How to make a short film
Jaine Green’s views on what makes a great short film
We asked, Jaine Green, the chair of judges at The Discover Film Awards, The Craghoppers Film Prize and a Grierson judge tell us about how to make a great short film. This is what she said.
(1) Your short film budget – be realistic
Prepare a detailed budget for the entire short film before you start. If you can’t make the finances work, restructure your idea or raise more funds. A five minute well-made film with high production values is far better than a 10-minute badly made one.
(2) Have an attention grabbing opening
Audiences decide to stick or twist in the first few minutes of any film, so make sure the opening is interesting, and well-shot and that the music is engaging and original.
(3) Plan Plan Plan and stick to it
Advanced planning is essential to keep a film on track and on budget. Don’t shoot everything that moves in the hope you will ‘make it work’ in the edit. Recce locations, screen test, rehearse, storyboard.
(4) Thanks but no thanks
When working on a tight budget it’s likely you’ll be pulling favours. But many hands do not always make light work so limit the amount of crew you have to those you need or location costs will spiral. Also make sure that people can actually do the job you need. Just because they are your friend does not mean they can act or use a camera.
(5) Know your market
Before you start shooting, think of why you are making your film. If it’s for the festival market then research your festivals in advance and make sure you are hitting the festival requirements.
(6) Have ambition for your short film
Most filmmakers would like to get distribution for their films so make sure yours is ready. Use original or cleared music – commercial music can make a film too expensive even impossible to distribute. Get location, release, and permission forms signed – even from friends and family. When making a short film, limit archive unless you have world-wide clearances in place.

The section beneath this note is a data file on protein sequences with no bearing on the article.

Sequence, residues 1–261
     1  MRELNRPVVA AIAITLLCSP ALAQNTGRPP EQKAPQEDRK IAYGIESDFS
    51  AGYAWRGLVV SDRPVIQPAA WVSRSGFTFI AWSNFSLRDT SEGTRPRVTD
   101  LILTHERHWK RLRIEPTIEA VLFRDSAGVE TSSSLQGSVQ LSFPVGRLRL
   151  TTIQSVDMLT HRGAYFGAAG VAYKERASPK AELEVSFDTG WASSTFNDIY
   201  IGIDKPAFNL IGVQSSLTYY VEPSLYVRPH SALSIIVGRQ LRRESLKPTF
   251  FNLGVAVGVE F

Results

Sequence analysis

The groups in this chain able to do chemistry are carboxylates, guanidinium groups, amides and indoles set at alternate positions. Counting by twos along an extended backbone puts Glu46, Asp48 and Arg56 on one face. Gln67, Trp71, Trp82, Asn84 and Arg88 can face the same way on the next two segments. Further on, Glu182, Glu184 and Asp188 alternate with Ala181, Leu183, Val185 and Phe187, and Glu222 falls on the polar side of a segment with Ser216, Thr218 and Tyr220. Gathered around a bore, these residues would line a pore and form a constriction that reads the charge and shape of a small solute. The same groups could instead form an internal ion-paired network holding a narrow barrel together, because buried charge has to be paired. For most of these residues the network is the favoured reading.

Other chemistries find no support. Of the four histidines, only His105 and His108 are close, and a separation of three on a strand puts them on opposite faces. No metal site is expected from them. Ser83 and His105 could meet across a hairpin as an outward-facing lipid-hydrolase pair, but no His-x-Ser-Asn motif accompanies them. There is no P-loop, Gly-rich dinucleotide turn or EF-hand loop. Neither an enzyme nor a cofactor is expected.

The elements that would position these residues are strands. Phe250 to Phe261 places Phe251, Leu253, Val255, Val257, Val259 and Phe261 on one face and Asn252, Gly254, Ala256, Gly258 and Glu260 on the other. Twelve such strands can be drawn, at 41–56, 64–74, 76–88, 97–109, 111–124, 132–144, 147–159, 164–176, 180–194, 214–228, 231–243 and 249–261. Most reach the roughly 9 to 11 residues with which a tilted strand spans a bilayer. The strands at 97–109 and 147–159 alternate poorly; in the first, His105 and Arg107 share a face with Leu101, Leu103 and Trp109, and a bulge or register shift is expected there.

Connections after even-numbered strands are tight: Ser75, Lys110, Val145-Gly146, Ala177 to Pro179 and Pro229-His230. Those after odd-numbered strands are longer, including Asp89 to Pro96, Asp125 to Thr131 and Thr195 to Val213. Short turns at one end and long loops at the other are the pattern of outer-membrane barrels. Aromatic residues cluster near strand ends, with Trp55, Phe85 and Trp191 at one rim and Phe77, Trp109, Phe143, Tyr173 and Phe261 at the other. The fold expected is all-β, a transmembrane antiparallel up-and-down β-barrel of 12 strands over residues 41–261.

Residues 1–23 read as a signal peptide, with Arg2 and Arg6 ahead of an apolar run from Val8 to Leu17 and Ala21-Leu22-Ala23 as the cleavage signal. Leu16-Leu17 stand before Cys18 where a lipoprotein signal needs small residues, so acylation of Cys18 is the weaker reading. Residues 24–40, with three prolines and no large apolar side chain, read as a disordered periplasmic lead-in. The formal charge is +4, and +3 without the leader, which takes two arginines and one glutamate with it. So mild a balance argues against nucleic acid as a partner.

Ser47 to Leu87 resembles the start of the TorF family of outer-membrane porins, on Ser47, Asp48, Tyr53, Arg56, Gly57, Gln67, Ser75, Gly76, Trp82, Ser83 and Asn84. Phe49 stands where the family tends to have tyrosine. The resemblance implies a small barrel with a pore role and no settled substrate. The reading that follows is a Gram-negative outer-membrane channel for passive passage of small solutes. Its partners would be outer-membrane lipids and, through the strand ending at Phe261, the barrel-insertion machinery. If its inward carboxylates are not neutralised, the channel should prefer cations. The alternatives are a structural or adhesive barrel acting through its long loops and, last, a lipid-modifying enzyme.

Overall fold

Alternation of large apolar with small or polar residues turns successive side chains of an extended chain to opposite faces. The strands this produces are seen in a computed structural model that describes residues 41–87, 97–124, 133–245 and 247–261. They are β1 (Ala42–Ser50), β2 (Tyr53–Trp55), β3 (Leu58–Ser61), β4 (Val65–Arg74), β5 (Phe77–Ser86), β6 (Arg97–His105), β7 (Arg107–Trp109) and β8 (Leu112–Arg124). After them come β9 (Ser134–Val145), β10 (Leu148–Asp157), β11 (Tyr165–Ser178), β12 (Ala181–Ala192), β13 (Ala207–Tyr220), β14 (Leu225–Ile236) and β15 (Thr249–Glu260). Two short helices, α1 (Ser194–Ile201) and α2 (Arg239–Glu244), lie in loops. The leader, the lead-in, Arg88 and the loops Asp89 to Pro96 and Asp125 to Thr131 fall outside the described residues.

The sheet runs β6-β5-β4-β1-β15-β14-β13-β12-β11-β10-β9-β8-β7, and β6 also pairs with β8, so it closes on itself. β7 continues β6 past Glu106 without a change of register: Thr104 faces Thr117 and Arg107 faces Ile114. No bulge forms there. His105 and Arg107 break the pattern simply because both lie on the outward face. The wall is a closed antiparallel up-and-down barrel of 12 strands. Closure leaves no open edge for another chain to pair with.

(7) Keep your short film short
When it comes to film festivals, schedulers want to screen as many films as possible. So if your short film is 25 minutes long it means it’s replacing 3 or 4 shorter films so it will need to be significantly more entertaining to justify that. As a scheduler, a film under 15 minutes in length is ideal under 10 is a joy .
(8) Think sound
Too many short films are let down by poor quality sound. Employ a professional sound recordist and make sure they are included in all pre-production meetings and know what ‘s happening in each shot. Never shoot without sound unless you know why and are sure you won’t need it. Always get clean room atmosphere and additional sound snippets just as you would cutaways.
(9) Be nice when making your film
It’s likely you will want to work with the same people time and time again so be respectful and thoughtful everyone. Keep the entire crew informed of the day’s activities, give them time to prepare, breaks and a reasonable wrap time and stick to it. Feed your crew well, be mindful of weather conditions and keep them safe. Limit working days to 14 hours max – preferably under 12.
(10) Make it count
Making a film is hard work. It involves long hours and keeping your crew on track and motivated can be both tiring and stressful. So make your film count, make it as well as you can, to the highest quality you can and pay attention to detail. You are not just making it just for you, you are making it for all the people who have helped.
Above all – make what is in your head and have fun. Happy filmmaking and send us your results!